The heart of a PEM FC is the membrane electrode assembly (MEA), which includes five basic components: membrane, anode catalyst layer, cathode catalyst layer and two gas diffusion layers (GDLs) one for each electrode. On overview of the raw materials adopted in FCs is shown below. The materials and components related to the hydrogen production and storage were also considered in this analysis.
Relevant raw materials used in in fuel cells (FCs)
as catalyst replacing the more expensive platinum in PEM fuel cell
as catalyst replacing part of Pt (e.g. as Pt-Pd alloy)
the most effective electrocatalyst for both the cathode and anode
leading material for construction of bipolar plates
in alloys with Ni for anode catalyst (SOFC), in wires and conductive parts
for coating the bipolar plates, in the composition of stainless steel or as anode
in the composition of anode (together with Ti) in SOFC
for metallic bipolar plate and as anode composition of SOFC
Current supply bottlenecks along the value chain
Around 30 raw materials are needed for producing FCs and hydrogen storage technologies. Of these materials, 13 materials namely cobalt, magnesium, REEs, platinum, palladium, borates, silicon metal, rhodium, ruthenium, graphite, lithium, titanium and vanadium are deemed critical for the EU economy according to the 2020 CRM list. Materials and components along the supply chain are presented below.
The unique chemical and physical properties make PGMs excellent catalysts for the automotive industry. Today, platinum demand for FC applications is insignificant compared with other end-use applications. However, a FC vehicle needs 10 times more than the PGM loading of an average gasoline or diesel vehicle.
The high price of platinum is one of the major challenges faced by the FC producers; platinum represents about 50% of the cost of a FC stack. Hence, researchers are continuous-ly trying to reduce the need for platinum in FCs. The supply of raw materials required in FC technology is diversified with more than half of the materials coming from a variety of suppliers, each with a small supply share of less than 7%.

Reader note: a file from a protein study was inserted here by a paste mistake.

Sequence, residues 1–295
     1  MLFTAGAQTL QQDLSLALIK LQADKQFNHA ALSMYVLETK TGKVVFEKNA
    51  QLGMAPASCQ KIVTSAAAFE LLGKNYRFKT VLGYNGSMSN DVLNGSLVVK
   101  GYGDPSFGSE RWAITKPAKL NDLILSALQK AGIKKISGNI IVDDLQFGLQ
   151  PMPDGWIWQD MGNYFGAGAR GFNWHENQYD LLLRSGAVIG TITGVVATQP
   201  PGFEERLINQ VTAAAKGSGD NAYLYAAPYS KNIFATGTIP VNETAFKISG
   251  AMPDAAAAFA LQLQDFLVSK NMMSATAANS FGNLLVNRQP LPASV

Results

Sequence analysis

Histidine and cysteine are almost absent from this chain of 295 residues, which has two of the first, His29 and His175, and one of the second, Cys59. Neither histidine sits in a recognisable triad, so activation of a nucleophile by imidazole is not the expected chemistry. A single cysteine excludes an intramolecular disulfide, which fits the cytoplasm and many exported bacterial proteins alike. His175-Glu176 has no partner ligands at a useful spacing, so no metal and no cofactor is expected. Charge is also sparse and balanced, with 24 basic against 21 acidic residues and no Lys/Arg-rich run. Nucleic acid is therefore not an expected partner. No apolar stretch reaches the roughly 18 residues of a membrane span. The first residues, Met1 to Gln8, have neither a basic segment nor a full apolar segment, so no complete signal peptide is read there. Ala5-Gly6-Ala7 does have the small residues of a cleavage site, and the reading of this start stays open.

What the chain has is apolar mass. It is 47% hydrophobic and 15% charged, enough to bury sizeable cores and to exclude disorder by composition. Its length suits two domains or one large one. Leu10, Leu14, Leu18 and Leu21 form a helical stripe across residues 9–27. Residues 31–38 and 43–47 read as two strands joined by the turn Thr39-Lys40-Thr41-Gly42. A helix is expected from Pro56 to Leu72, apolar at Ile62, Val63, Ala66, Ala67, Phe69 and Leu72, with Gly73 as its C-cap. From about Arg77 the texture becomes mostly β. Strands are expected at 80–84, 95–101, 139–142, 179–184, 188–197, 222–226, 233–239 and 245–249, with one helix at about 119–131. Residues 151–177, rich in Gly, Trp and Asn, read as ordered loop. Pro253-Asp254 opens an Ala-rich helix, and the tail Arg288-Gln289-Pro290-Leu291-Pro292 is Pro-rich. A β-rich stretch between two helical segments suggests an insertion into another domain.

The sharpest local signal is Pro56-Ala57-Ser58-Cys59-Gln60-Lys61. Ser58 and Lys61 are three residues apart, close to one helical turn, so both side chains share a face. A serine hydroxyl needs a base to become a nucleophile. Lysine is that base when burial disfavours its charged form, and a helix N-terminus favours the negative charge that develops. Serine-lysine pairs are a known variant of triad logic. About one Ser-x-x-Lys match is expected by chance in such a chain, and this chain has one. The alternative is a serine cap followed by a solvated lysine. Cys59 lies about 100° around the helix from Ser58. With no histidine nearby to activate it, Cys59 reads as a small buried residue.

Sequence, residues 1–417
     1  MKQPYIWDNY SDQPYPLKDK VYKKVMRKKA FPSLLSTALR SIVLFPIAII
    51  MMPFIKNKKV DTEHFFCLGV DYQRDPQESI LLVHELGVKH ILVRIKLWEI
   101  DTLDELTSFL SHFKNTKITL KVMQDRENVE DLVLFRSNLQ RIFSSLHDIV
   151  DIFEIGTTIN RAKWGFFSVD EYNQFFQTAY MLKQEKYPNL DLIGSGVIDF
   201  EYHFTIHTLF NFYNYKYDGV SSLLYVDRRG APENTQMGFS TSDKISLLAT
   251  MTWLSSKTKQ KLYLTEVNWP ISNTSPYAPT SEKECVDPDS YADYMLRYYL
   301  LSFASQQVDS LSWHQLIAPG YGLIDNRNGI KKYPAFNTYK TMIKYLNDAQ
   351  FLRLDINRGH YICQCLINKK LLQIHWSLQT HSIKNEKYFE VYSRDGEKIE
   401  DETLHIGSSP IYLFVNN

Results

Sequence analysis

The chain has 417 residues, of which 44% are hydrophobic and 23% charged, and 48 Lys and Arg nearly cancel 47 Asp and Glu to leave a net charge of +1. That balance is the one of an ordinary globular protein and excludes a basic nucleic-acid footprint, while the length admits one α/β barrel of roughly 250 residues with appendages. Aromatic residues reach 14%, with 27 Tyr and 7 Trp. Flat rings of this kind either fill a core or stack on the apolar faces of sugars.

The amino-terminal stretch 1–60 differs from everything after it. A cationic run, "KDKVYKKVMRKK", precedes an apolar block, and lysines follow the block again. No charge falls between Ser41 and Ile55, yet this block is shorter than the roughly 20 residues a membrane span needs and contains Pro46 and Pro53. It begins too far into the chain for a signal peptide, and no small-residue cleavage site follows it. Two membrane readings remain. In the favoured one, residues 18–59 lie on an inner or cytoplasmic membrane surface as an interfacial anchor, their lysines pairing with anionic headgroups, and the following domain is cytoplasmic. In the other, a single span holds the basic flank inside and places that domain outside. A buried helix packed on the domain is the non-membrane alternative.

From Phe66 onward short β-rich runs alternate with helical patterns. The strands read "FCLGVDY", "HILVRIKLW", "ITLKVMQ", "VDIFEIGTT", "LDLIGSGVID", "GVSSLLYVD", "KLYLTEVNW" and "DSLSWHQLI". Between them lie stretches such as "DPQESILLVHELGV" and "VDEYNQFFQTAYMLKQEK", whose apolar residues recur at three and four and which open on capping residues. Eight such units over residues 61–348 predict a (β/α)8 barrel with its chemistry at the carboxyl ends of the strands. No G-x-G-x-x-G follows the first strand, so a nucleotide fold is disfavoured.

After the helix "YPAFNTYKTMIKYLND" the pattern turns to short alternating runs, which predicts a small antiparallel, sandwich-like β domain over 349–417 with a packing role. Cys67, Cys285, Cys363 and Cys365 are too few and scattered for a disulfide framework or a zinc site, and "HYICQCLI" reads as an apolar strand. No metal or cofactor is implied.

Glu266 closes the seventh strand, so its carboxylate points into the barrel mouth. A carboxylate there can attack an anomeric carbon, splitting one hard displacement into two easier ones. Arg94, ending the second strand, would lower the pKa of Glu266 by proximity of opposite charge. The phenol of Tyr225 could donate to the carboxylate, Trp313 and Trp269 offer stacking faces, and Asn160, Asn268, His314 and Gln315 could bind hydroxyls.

China, with more than 20% share, is the major supplier of raw materials, followed by South Africa and Russia. Platinum is produced mainly in South Africa (71% of global production), followed by Russia (16%) and Zimbabwe (6%). The other PGMs, namely palladium, rhodium and ruthenium are also supplied predominantly by three key suppliers: Russia, South Africa and Zimbabwe.
With regard to the next step in the supply chain, 12 processed materials are identified as the most relevant processed materials for FC and hydrogen storage/production technologies, namely porous carbon, yttria stabilised zirconia, polymers (e.g. perfluorosulphonic acid - PFSA), carbon fibre composites (CFC), stainless steel, graphene, scrap and flake mica, boron nitride powder, nano materials & carbon nano tubes, carbon cloth/paper, polyamide ultramid and metal hydrides. For the electrodes, several types of carbon or carbon-based materials have been developed, including mesoporous carbon and carbon nanomaterials. Around 40% of processed materials and 25% of FC components are supplied by European companies.
Carbon fibre paper and carbon fabric (cloth) are commonly used as gas diffusion layers (GDLs) that are key components in various types of FC, including PEM, DM FC and PA FC stacks. Bipolar plates are multi-functional components within the PEM FC stack. The materials used for bi-polar plates include graphite and stainless steel.
However, stainless steel for bi-polar plates has to be coated to increase functionality and increase lifetime. Typical examples of coating materials with excellent properties are gold and other noble metals. Due to the high cost of noble metals, it is desired to find alternative coating materials.
The major producers of FCs are Asia (mainly Japan and South Korea) and North America (Canada and USA). The last step of the FC supply chain is the assembly of cell components into a stack and its integration in the final system. The stack design and cell assembly are very important parameters that can influence the performance of FCs and distribution of re- actants in the cell stack.
The cell assembly will also affect the contact behaviour of the bipolar plates with the membrane electrode assembly (MEA). Manufacturers must align precisely the repeating components (e.g. MEAs, bipolar plates and seals) and non-repeating components (e.g. end plates, tie rods, compression load system, and external manifolds) to maintain stack durability and performance.
The key players involved in the FC supply chain are displayed below. The country shares take into account also the materials used in hydrogen production (Step 1) and hydrogen storage (Steps 1, 2 and 3). The bottleneck assessment shows a potential very high supply risk for the assembled FCs. High risk of supply issues is estimated for the first step of the supply chain - raw materials. No supply issues are expected for the other two supply chain steps.
FCs and Hydrogen technologies: an overview of supply risks, bottlenecks and key players along the supplychain